Versteinertes Holz






Versteinerte Hölzer HAUPTSEITE


Most petrified wood collectors are familiar with the so-called “halite wood” from Sweet Home Oregon with quartz or chalcedony pseudomorphs of halite crystals that originally crystallized in the wood which was submerged for a long time in very saline waters of the Little Butte Formation sediments.  Few however are as familiar with the same process resulting in quartz pseudomorphs after the mineral anhydrite.  There is a very good reason for this unfamiliarity – this material is considerably more rare than halite wood.  Why? They both began the same way, immersed in saline water as the wood began to deteriorate.  When petrification began, the evaporite mineral was dissolved away and the resulting cubic cavities began to fill with quartz or chalcedony.  However, the chemistry of anhydrite (anhydrous calcium sulfate) is much different than that of halite (sodium chloride). Under normal circumstances, the evaporite mineral will be combined with two molecules of water and precipitate as hydrous calcium sulfate – the mineral gypsum.  But when the water temperature is above 40C (104F), and there is plenty of sodium or potassium chloride in the water, the calcium sulfate will precipitate as the anhydrous form – Anhydrite.  Just think for a moment how still and hot it must have been for the water temperature to be above 40C. Not a typical condition, and when it would happen, it would likely have been a temporary condition.  So that is the primary reason that the anhydrite pseudomorphs are so uncommon.  Look at the photomicrographs.  Anhydrite crystallizes in the orthorhombic system which is quite evident from the long laths you see in the photomicrographs.  If these were the result of halite which crystallizes in the cubic system, the pseudomorphs would be square, not rectangular.  The pseudomorphs generally measure in the range of 5 to 7 mm in length and 2 to 4 mm in width. Several of the pseudomorphs also show the termination face of the crystal!  Additionally, the wood retains the pattern of the growth rings (however there is no remaining woody fine structure so a taxonomic designation is not possible).                                                                                                               description from Jim Mills (California)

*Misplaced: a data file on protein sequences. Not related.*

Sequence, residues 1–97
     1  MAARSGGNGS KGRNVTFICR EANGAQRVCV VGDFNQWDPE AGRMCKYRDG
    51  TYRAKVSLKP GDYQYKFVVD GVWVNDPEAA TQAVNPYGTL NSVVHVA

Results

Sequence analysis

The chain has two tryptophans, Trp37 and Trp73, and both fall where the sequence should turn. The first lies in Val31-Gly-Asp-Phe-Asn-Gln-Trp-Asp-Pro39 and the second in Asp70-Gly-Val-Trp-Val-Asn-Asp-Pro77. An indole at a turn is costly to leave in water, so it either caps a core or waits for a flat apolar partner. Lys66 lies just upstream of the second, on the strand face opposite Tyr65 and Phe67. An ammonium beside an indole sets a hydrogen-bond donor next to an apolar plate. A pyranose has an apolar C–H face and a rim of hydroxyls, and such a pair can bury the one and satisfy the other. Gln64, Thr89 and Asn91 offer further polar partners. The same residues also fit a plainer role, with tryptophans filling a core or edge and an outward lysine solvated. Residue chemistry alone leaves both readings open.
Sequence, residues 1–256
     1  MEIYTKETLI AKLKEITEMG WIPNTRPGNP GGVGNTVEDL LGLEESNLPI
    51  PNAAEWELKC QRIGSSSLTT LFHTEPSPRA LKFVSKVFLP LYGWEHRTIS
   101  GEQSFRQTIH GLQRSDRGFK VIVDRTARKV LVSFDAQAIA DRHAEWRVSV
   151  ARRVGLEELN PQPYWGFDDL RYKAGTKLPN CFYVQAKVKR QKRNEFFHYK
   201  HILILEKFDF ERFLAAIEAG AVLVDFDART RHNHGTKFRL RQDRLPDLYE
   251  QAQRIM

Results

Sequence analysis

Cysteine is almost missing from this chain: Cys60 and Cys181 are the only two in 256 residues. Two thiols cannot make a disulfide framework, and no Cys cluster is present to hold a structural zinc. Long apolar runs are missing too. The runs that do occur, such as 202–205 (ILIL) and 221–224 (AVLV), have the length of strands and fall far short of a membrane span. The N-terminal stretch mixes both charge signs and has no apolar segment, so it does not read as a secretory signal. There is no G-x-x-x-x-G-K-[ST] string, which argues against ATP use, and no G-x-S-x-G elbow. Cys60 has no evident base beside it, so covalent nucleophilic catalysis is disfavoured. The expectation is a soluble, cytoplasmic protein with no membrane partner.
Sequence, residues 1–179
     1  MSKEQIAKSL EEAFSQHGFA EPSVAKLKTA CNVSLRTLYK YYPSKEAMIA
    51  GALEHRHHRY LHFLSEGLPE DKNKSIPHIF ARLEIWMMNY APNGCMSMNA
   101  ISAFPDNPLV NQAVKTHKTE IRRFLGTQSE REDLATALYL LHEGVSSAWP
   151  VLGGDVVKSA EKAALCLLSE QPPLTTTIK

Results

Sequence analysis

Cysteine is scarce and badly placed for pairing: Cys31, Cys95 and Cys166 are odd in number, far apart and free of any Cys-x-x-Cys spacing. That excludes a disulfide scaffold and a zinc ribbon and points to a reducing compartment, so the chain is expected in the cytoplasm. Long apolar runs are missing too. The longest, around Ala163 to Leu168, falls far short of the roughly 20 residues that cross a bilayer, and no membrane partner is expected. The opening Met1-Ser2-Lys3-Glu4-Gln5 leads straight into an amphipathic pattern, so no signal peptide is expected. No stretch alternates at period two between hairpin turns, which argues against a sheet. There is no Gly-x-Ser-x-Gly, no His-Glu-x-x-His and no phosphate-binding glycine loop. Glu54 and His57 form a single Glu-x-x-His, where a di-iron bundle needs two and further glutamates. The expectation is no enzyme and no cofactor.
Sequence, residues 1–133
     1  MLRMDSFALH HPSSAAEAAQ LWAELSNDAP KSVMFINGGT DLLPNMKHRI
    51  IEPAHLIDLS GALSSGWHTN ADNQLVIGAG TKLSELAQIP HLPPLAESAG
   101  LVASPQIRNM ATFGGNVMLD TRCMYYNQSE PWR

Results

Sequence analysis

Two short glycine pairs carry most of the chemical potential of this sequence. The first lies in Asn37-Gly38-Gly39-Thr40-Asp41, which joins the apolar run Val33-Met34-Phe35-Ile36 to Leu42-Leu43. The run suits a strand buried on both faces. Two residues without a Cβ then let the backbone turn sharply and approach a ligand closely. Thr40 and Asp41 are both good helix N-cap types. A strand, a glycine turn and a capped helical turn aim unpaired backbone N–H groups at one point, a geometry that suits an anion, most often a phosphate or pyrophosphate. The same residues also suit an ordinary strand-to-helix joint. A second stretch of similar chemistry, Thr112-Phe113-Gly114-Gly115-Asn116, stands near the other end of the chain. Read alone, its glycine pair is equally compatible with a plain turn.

versteinertes Holz ("anhydrite wood") mit Pseudomorphose von Anhydrit nach Quarz

10 x 13 cm

Mehama Volcanics, Little Butte Formation, spätes Oligozän

Sweet Home, Oregon / USA


hochinteressantes u. seltenes Holz!